One year ago, I may have mentioned that my fellow countrymen (or at least a select group of Canadian marketers) had their heads up a part of their anatomy at SES Toronto. Andrew Goodman afterwards promised to force feed me Canadian politeness serum before he put me in front of another Toronto crowd. And Andrew, I want you to know I tried. I really tried. But then Rogers missed the boat in an incredibly stupid way, and, well..I may have said something similar again. I’m sorry, I really am.
Last year, I tore up the Ontario Tourism Board for not using search effectively, prompting a multipart debate with them in my Search Insider Column. First, I said they weren’t doing search. They said they were and I didn’t know what I was talking about. I looked at what they were doing and amended my stance: they were doing search, just not doing it very well. I offered free advice. They declined my offer. We went home in seperate cars. I didn’t get a card on Valentine’s Day. I think this time, it’s really over between us.
This year, having a hard time believing that Andrew was daring to put me in front of a Toronto crowd again, I decided to stay on safer ground and give a rather non controversial tour of why the Golden Triangle is the way it is, using results from several recent studies. But the main theme of the study was that relevance and the presentation of recognized brands are both critical elements in the Golden Triangle for commercial searches. I was finishing my slide deck on the day of the announcement that the iPhone was finally coming to Canada. Rogers would be the exclusive carrier. I just knew there would be a corresponding search spike and I thought this would be a great example of how to utilize search effectively. The following Google Trends Graph shows just how big this spike was:
I searched for “iPhone” and what did I find? Nary a mention of Rogers. No ad, no organic listing.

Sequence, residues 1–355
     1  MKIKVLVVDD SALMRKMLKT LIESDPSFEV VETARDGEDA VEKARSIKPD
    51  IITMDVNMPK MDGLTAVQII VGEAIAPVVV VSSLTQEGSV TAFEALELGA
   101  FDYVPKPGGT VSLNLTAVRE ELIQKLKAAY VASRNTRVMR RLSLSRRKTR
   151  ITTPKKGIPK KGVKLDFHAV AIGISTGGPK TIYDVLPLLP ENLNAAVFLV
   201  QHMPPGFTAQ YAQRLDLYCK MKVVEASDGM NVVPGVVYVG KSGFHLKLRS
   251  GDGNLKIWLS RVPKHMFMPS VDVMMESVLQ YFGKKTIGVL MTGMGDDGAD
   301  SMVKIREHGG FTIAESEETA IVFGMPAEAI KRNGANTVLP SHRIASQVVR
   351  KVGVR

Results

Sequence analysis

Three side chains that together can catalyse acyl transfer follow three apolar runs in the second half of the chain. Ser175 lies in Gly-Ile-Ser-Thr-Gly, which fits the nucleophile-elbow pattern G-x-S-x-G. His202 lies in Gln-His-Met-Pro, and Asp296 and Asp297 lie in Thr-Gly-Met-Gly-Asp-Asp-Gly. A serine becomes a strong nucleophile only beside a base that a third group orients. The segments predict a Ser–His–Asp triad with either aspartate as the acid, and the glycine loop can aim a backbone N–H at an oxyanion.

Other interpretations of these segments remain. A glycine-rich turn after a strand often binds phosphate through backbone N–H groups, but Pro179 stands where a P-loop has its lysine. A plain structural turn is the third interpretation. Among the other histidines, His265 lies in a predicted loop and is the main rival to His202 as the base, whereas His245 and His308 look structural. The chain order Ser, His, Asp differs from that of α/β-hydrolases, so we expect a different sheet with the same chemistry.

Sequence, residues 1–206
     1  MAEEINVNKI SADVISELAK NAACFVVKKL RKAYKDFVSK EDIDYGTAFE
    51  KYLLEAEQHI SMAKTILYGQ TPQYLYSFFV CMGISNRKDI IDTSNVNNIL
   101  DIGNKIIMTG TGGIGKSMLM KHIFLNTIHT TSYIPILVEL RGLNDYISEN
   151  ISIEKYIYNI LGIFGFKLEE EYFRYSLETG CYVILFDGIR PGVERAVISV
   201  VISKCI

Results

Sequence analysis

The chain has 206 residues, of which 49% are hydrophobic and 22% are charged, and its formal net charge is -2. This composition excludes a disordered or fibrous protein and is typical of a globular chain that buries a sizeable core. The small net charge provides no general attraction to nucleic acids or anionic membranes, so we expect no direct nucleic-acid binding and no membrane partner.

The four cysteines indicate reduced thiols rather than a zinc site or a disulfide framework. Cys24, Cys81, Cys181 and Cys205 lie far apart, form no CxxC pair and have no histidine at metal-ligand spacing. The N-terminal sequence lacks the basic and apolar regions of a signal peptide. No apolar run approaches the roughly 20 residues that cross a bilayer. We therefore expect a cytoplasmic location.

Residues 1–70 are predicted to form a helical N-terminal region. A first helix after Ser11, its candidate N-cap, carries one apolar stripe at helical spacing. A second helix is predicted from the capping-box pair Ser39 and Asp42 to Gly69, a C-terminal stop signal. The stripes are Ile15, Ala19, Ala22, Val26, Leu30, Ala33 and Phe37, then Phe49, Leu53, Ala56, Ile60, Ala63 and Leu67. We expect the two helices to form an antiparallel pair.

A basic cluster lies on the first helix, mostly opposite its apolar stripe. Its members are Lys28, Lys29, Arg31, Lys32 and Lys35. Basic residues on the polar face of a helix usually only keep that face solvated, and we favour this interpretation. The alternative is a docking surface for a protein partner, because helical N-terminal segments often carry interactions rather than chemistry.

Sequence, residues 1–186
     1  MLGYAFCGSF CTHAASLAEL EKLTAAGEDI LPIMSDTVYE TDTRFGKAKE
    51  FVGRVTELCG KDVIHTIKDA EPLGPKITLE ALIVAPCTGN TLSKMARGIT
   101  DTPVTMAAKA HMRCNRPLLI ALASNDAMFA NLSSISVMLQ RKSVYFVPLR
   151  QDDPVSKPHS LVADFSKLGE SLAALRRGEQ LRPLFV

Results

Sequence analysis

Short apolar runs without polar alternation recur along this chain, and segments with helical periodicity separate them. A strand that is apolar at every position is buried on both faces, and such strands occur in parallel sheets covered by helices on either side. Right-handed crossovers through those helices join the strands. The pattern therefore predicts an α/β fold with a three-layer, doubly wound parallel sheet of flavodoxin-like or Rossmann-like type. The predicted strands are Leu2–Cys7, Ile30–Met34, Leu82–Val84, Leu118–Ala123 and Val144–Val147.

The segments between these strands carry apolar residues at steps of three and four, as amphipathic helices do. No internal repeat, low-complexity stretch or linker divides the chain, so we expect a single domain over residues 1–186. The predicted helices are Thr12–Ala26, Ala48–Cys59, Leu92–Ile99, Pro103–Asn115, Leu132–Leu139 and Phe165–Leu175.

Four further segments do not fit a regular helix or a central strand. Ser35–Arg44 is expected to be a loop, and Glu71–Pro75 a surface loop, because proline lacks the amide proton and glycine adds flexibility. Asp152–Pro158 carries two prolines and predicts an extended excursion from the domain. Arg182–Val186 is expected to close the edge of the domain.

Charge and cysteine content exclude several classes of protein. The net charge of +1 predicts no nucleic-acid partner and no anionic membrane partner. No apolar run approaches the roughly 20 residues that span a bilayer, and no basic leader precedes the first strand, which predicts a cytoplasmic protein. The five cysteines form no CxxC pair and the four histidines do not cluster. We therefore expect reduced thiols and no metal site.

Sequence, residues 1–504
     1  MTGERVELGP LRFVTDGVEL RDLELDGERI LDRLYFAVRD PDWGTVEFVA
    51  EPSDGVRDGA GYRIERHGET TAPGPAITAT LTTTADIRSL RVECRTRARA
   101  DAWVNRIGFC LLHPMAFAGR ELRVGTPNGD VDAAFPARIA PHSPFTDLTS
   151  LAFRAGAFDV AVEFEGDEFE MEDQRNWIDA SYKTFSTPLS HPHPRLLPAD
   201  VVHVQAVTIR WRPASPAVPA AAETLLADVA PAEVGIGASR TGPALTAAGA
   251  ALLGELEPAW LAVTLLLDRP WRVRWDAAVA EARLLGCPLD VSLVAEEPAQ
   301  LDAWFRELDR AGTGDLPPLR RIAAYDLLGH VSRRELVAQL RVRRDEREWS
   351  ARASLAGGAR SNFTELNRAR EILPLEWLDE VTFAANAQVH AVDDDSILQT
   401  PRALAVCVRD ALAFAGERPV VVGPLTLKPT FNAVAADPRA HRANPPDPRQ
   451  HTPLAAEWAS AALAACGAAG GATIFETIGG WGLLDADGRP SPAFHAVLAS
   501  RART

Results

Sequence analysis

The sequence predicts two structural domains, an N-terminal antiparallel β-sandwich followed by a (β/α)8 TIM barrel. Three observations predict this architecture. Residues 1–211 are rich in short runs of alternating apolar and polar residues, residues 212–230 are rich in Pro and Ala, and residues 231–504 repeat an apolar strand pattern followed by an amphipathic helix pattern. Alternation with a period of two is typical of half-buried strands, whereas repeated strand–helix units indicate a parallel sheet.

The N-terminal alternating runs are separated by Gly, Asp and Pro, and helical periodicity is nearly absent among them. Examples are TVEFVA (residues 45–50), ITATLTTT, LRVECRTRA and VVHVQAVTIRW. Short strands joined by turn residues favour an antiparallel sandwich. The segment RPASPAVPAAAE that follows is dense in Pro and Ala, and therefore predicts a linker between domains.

I went to their site and other than a mysterious and unusable link off their home page that went to a 3 line media release, there was no information. Surely, Rogers couldn’t be this stupid, could they? But alas, they were.
So, I amended my slide deck to include the examples. And yes, I may have got a little hot under the collar at SES again, and I’m pretty sure I said something not so polite. But you know what? I’m getting sick and tired of going to the business capital of Canada year after year and seeing that the major Canadian brands are still miles behind the rest of the world in search. Do a search for any major consumer product in Canada and almost all the big brands are completely absent. They don’t get it. Or in many cases, their agencies don’t get it. Look, accept the reality. People search. People search because they’re looking to buy things. On June 10, thousands of Canadians searched for information on the new 3G iPhone. I’m suspecting more than a few of them are intending to snap one up July 11. And not one advertiser had the foresight to buy a search ad on what was probably the biggest search day of the year for iPhone, including the exclusive carrier. Correction, one advertiser did…Research in Motion, the maker of the Blackberry.
Maybe being big and stupid worked in Canadian advertising up to now, but it won’t work in the future. You have to understand that Canadian’s aren’t stupid when it comes to the internet. We’re amongst the world’s biggest Internet users. Our early lead in terms of high bandwidth penetration is slipping (another sign of sheer stupidity) but we still go online more than almost anyone in the world. Yet Canadian advertisers are avoiding search, turning the Golden Triangle into an advertising slum. Google, Yahoo! and Microsoft’s Canadian offices are slamming their heads into brick walls, wondering when Canadians will finally get it. They’ve all asked me. And frankly, I’m tired of apologizing for Canadian marketers. Yes, we’re a cautious country. Yes, we’re deliberate. But it’s gone beyond that. Now, there are no more excuses. Roger’s absense from the search page on June 10 was inexcusable. It was either stupid or incredibly arrogant. It was one of Canada’s best known brands telling thousands of Canadian’s looking for information on buying an iPhone one of two things:
- We’re huge and we have a monopoly so why do we have to spend a handful of our advertising dollars actually giving you useful information? We know you’re going to buy from us because you have no where else to go. And oh, by the way, we’re going to charge you whatever we want, or;
- Sorry, we just don’t get this whole internet thing. You mean people actually search for information online? Huh..imagine that.
I’m passionate about being a Canadian. I am tremendously proud of my country. But I’m also passionate about search. And in this one area, Canadians are ridiculously behind the curve.